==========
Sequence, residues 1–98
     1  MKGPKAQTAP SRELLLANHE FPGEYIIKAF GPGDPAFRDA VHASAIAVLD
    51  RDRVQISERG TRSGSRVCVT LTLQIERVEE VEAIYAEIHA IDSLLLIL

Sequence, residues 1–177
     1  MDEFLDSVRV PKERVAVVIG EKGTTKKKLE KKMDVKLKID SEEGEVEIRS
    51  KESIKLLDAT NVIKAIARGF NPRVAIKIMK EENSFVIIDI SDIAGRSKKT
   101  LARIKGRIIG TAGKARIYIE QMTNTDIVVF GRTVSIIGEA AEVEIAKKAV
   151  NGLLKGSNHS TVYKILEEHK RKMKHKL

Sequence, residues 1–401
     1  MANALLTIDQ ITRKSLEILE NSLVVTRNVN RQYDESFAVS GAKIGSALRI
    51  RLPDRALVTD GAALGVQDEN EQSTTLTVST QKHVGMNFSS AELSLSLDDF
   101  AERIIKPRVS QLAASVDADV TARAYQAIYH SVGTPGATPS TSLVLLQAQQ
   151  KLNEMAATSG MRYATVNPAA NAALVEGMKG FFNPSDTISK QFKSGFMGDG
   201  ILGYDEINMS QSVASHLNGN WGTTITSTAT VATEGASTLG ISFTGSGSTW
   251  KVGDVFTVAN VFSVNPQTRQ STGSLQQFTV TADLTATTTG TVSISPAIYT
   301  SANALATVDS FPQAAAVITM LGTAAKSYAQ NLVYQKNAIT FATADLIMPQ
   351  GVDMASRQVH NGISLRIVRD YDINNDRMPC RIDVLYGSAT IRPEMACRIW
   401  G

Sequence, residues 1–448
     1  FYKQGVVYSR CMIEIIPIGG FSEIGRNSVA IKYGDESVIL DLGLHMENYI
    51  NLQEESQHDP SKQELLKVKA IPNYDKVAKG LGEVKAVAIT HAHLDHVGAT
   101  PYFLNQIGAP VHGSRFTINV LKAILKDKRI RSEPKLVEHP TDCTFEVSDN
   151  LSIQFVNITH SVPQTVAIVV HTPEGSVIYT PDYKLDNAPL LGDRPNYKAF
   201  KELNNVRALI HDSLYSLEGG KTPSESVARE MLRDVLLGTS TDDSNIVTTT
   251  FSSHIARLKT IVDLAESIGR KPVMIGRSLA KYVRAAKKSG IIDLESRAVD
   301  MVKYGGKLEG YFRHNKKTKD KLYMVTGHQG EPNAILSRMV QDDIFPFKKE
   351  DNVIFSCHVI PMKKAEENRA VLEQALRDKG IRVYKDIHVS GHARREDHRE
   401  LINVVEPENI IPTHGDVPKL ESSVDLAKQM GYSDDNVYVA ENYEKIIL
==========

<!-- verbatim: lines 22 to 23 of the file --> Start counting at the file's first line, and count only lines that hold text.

   101  PYFLNQIGAP VHGSRFTINV LKAILKDKRI RSEPKLVEHP TDCTFEVSDN
   151  LSIQFVNITH SVPQTVAIVV HTPEGSVIYT PDYKLDNAPL LGDRPNYKAF